Broadening horizons, collaboration is the key
Over the past year we have seen collaboration between retailers grow with the likes of the Post Office and WH Smith teaming up, Tesco and Arcadia doing more together, as well as the major acquisition of Argos by Sainsbury’s. Over the course of 2017 we anticipate that this collaboration will continue, as retailers find ways to maximise the in-store footprint, and see consolidation as an effective way of doing this. Collaboration also works in reverse, with physical retailers teaming up with online only players to widen their reach as we saw with Ocado and Morrison’s. Collaboration, whichever way retailers choose to do it, allows them to maximise their offering to customers and ensure that they are making themselves available at every channel. By teaming up with retailers that already do in-store or online well, they are able to deliver a better service offering and focus on delivering that customer experience, rather than starting from scratch.
The new one-stop destination
In 2017 we expect hospitality to take more of an integrated approach with retail as more destinations are created allowing consumers to shop, dine, and even catch a train all from one place. A great example of where this has already happened is Grand Central Station in Birmingham, where all three elements have come together and co-exist in a welcoming and seamless environment. As a nation the UK craves ease and convenience, so retail destinations where shoppers and commuters can do everything they need to all in one place is becoming increasingly appealing. As a result, retailers should look at establishing themselves in destinations where they can cater to those customer needs of ease and help serve their needs all in one place.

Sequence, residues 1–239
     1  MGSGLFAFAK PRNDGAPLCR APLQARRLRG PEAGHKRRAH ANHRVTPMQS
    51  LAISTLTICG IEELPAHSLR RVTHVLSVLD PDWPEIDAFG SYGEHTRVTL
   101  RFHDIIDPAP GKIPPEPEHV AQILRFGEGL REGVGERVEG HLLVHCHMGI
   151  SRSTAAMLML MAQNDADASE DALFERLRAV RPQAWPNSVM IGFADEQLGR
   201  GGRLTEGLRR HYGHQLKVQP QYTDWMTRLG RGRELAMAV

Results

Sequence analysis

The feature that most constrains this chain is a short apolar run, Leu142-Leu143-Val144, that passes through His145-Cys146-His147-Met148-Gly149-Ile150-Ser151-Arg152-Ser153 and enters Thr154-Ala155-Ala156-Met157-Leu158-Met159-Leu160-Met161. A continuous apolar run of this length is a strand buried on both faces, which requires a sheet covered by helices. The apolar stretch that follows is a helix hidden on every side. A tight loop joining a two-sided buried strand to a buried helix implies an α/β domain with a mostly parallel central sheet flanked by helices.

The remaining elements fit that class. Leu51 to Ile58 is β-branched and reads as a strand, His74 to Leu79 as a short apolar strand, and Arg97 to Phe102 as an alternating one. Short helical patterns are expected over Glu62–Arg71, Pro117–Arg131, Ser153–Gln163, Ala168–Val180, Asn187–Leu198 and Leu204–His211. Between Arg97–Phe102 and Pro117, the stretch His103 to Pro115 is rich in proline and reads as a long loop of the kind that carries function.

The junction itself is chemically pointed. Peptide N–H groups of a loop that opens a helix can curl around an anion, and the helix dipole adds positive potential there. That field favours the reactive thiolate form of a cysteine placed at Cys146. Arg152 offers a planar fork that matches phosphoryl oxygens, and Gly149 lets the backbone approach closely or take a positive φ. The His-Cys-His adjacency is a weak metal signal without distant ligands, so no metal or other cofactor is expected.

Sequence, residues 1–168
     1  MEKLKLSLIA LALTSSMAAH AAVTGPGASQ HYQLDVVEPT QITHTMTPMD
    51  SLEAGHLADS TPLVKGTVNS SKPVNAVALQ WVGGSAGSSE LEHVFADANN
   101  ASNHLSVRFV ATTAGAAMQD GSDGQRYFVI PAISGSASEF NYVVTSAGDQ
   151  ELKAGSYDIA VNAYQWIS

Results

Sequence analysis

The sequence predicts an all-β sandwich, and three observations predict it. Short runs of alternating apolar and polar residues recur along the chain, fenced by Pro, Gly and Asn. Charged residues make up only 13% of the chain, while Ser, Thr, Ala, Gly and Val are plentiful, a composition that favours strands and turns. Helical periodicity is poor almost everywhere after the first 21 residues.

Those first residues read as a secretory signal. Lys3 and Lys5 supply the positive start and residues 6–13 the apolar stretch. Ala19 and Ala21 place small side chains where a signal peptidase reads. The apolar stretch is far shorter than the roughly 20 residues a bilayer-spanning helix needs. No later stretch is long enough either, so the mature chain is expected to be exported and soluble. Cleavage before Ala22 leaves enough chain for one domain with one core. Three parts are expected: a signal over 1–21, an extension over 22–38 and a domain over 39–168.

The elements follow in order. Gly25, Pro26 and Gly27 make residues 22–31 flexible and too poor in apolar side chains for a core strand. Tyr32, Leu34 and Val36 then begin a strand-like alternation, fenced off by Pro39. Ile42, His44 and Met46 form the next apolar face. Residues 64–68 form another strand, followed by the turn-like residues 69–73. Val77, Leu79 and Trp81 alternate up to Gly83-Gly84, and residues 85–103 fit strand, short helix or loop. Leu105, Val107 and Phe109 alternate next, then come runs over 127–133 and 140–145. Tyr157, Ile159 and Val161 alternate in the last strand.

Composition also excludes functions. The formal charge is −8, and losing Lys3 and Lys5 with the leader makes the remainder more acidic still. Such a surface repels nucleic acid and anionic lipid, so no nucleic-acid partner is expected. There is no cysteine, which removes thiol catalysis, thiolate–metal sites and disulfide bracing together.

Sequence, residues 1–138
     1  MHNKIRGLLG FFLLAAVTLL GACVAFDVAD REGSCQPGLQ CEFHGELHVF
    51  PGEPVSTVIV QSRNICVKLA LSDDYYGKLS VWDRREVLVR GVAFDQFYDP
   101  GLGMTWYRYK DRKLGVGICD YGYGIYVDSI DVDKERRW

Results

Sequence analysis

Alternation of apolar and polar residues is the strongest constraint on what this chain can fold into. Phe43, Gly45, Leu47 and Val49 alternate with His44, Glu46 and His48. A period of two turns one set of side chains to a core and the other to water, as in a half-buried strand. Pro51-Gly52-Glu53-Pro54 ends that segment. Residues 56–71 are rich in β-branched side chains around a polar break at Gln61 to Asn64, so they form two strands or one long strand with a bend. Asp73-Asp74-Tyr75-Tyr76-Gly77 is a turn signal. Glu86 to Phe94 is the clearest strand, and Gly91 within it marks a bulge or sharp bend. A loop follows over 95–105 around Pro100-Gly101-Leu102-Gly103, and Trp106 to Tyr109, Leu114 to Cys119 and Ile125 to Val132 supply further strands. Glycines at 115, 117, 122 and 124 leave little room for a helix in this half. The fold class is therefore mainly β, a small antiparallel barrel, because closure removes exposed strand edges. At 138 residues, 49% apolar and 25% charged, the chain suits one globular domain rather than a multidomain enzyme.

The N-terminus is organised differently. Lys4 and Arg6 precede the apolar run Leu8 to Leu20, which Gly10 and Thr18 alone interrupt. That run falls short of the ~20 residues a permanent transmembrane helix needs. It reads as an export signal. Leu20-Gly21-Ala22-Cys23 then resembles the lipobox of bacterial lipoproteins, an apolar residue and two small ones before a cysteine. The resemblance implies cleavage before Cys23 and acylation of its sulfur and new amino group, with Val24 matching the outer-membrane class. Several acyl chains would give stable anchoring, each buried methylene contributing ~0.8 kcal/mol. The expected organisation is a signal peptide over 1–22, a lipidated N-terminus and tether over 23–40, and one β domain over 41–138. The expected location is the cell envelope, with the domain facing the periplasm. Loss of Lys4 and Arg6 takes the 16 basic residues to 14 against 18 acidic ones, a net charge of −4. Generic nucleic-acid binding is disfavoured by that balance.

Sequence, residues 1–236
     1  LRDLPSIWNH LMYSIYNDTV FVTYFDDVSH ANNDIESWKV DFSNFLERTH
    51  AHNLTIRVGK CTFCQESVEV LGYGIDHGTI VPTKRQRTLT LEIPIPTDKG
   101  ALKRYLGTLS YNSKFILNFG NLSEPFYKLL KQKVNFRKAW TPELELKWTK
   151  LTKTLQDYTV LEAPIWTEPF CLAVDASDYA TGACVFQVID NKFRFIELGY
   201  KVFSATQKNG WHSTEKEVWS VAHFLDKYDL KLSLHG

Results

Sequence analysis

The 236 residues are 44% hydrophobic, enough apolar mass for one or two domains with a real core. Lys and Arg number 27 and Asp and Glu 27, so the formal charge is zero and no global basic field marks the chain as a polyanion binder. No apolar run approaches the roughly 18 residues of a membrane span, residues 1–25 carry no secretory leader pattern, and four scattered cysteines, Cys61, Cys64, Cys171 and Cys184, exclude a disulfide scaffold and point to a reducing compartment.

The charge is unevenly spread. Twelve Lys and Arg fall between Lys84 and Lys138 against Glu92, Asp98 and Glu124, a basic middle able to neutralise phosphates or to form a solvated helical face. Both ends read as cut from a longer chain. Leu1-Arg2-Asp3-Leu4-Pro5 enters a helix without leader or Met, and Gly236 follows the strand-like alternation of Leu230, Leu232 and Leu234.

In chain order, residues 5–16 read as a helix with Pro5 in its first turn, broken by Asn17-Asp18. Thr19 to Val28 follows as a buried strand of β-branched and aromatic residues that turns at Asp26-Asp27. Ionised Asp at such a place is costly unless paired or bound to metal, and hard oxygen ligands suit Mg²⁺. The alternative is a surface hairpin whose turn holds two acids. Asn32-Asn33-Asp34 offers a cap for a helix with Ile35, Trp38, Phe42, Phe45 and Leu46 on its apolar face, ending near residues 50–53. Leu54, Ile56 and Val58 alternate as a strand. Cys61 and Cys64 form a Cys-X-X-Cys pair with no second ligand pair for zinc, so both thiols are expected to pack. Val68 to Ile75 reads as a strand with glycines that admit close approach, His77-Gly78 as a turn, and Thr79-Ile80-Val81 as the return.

The changing face of the shop floor
The physical store and tilling as we know it needs to have a facelift. Shop processes for the most part have been the same for many years. However, the recent launch of Amazon Go has highlighted how retailers can again push the boundaries and innovate the physical store. The days of the in-store model where customers load their shopping baskets to then unload, scan, repack, and pay all of their items as they would have done fifty years ago are numbered. Amazon Go is just one example of how retailers can harness technology and embrace innovation in their physical stores to create that invaluable seamless customer journey.
Now that the level of customers’ expectations is at an all-time high, retailers need to find ways to match it and ensure they are differentiating themselves from their competitors. Shopping in-store is now very much experiential rather than transactional. By bringing in new innovative ways to shop, retailers can enhance the shopping experience to make it more interactive, and digitally enabled. Those that do will be the retailers that stand out against all of the noise in an increasingly busy and challenging landscape.
Rupal Karia, Managing Director of Retail and Hospitality, UK and Ireland, Fujitsu
Image source: Shutterstock/Olesia Bilkei